A WIND IN THE DOOR
New York : Dell, 1984.
IL 5-8 RL 5.3
L'Engle writes science fiction so realistically, you begin to believe it.
If you've read "A Wrinkle in Time", you already know Charles Wallace is
a super bright first grader and Meg is his older sister whose thoughts
Charlie Wallace can read. This story is Meg's quest to explore the unknown
dimensions of her mind in order to save her brother from death. The story
links Meg to some unlikely companions, to her principal who doesn't understand
her and is somewhat a wimp, to the garden snake the twins treat as a pet.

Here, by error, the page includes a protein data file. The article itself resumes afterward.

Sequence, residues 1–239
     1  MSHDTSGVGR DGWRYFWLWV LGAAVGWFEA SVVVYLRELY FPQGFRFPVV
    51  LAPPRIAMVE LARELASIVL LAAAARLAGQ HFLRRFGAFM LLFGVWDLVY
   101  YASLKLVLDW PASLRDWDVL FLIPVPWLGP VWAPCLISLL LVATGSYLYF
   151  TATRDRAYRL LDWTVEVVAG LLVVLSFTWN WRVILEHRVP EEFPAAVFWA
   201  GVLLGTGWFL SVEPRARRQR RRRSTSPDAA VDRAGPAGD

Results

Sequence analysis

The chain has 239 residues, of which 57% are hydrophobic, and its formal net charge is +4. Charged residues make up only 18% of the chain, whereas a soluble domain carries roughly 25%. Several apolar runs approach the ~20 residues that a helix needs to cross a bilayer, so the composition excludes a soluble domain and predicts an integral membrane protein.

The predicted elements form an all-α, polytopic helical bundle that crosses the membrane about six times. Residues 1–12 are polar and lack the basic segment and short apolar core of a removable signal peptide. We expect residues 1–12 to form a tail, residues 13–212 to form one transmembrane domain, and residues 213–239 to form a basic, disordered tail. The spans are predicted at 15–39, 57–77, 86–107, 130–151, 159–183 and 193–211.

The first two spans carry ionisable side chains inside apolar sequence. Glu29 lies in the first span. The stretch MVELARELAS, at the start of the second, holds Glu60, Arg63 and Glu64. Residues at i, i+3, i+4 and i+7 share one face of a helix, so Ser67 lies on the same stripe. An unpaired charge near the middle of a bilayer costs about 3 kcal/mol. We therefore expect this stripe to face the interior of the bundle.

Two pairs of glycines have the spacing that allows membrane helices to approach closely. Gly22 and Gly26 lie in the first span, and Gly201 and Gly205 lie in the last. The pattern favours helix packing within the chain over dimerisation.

Can there really be a dragon going through the three tests laid out by
the teacher? This book will take you beyond the bounds of time and space
as we know it. Galaxies become instantly penetrable and human cells infinitesimally
large. If you want to stretch your mind, read "A Wind in the Door".
Permission is granted for the
noncommercial duplication and use of this resource, provided it is substantially
unchanged from its present form and appropriate credit is given.